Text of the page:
Howard enters 6-year battle over Con Ed’s error

You may find this story unbelievable. Because it is.

Manfred Furhmann and Corinne DiMartino are living a comedy of errors. But there’s nothing funny about the treatment the Mamaroneck couple has received from Con Edison. They’ve been battling the utility over big bills for almost six years!

The problem is that Con Ed has made a series of mistakes that has resulted in Furhmann and DiMartino owing more than $2,700.

It started in 2011. They converted a two-family rental property they own from oil to gas. But Con Ed mistakenly switched the meters so each apartment had the other apartment’s meter.

And by the way, we don’t exactly have the most reputable tenant here. One of them is Frank Bugeja, a convicted criminal out on parole. A guy DiMartino says she subsequently had to evict because he refused to pay rent. Bugeja’s last known address was Sing Sing.

But Bugeja’s past didn’t stop Con Ed from making yet another mistake. Somehow, DiMartino says, the utility let him put his apartment’s account in his name, taking Furhmann's off without Furhmann's ok. That created another issue.

As DiMartino told me, “He said 'look at my gas bills. I’m not paying them.'”

And the reason they seemed high apparently was because they included the gas heat that Furhmann and DiMartino were paying.

This went on while the owners, Furhmann and DiMartino, were out of town. And the tenants made the situation worse.

“They called Con Edison without letting us know there was a problem,” Furhmann told me.

Then Con Ed made mistake number 3: The utility thought the owners were up to no good, essentially billing the tenants for heat Furhmann and DiMartino should have been providing and in fact were providing.

Now, here comes mistake number 4: Con Ed sends our unlucky couple a notice of violation. But they send it to the WRONG ADDRESS! They send it to the house next door to the rental property. Furhmann's son lived there. And through some unfortunate timing, the notice never got to Furhmann and DiMartino so they could act on it.

“He’s (Furhmann's son) going through a divorce. And his wife has the mail forwarded for her new apartment.”

So, the notice was never forwarded. The landlords never knew about it. But Con Ed wasn’t buying it.

“That part they didn’t believe us at all,” DiMartino said.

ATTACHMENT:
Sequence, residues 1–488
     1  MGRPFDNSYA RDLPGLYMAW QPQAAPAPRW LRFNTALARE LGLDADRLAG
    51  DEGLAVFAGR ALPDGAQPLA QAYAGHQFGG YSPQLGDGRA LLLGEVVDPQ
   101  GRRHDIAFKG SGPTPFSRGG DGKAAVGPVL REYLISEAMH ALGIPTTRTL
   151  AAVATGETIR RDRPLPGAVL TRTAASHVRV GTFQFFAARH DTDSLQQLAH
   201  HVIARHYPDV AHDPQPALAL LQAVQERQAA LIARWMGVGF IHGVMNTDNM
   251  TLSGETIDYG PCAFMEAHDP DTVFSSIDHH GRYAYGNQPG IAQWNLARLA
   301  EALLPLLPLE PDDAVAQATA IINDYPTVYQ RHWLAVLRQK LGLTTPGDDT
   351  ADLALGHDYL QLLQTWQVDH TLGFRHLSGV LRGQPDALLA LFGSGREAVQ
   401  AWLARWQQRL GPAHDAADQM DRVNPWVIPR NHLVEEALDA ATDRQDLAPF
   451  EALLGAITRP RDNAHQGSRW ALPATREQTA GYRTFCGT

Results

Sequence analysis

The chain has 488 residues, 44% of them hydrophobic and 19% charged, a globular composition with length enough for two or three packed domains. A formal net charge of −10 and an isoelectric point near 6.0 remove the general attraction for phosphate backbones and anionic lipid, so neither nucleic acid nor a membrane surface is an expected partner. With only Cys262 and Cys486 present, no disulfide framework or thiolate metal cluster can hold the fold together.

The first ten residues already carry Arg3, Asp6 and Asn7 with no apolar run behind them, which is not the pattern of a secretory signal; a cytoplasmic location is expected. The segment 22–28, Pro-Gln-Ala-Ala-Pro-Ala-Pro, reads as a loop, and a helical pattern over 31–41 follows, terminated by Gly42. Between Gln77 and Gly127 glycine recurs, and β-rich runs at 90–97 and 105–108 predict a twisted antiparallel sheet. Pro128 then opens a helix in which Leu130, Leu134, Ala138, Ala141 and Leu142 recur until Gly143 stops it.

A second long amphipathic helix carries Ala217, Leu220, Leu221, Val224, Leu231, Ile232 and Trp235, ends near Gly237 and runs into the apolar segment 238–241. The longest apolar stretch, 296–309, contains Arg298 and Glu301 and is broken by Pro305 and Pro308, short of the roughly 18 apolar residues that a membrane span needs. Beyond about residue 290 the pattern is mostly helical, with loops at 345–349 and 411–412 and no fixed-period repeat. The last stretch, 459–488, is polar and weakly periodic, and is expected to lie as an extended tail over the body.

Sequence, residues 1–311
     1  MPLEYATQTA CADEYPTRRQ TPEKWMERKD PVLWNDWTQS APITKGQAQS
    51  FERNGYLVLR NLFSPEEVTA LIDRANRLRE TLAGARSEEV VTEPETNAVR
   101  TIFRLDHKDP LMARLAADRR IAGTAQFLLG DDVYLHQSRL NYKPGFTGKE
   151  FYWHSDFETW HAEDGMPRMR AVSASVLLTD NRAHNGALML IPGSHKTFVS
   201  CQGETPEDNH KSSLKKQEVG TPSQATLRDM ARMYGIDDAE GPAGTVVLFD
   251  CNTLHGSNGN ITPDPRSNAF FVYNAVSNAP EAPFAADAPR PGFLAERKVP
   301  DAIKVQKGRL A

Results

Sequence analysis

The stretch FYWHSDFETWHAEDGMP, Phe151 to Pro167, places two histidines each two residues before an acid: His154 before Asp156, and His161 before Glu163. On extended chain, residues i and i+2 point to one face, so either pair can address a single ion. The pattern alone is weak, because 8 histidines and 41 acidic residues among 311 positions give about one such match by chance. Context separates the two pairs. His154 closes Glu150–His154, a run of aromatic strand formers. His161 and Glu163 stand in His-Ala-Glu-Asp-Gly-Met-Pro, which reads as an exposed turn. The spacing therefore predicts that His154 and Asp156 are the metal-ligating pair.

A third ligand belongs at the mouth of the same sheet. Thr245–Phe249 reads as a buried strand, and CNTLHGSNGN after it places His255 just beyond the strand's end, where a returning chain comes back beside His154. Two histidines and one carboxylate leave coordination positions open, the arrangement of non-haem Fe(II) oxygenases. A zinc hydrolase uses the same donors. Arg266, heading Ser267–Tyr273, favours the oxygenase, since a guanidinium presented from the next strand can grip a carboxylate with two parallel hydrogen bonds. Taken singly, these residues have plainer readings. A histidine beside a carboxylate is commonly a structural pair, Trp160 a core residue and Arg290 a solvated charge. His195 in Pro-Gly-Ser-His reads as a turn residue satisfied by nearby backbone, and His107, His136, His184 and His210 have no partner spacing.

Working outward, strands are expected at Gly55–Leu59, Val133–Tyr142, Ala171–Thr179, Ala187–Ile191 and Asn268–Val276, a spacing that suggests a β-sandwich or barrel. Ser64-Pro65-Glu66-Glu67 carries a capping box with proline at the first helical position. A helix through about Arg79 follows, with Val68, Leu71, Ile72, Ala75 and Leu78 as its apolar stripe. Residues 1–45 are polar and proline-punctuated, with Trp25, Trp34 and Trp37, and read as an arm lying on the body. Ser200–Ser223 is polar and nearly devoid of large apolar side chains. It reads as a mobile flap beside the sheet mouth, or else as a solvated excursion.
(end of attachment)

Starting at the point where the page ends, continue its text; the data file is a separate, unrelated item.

What a mess!

At one point Con Ed demanded Furhmann and DiMartino pony up almost $4,000. They took the matter to the body that oversees utilities in New York, the Public Service Commission. The commission knocked down the bill. But now the landlords still owe Con Ed more than $2,700. That includes a $730 deposit, something typically assessed to risky customers.

And then there’s this little gem DiMartino told me about: “They want us to pay back Frank Bugeja $340.”

That’s right. Con Ed wants them to “pay back” $340 to a guy who barely paid anything towards his utilities in the first place and who’s been in and out of prison so often they should have installed a revolving door for him.

So where does that leave things?

Con Edison sent us a statement:

"Con Edison and the state regulator have reviewed this matter in-depth and concluded that the amount being billed is accurate. As is our practice, we are offering the customer a payment agreement under which the customer would pay the amount owed in monthly installments."

Not even any acknowledgment of all the mistakes the utility made, mistakes that created this entire problem!

Since the statement was issued, Furhmann and DiMartino have heard back from the PSC staff. A letter says Con Edison has been advised to reach a resolution with them as soon as possible.

Let’s hope Con Ed takes the hint.

Con Ed’s treatment of Furhmann and DiMartino has been unbelievable. They still view the landlords as having a delinquent account even though they say they have the checks and receipts showing they’ve always paid every charge they’re not contesting.

Even better would be if the PSC held Con Ed responsible for its errors and voided the bill.

But, in any case, the couple won’t quit. “I really want to fight it,” DiMartino said.

We’ll see what happens and let you know. After all, if this can happen to one customer it can happen to others.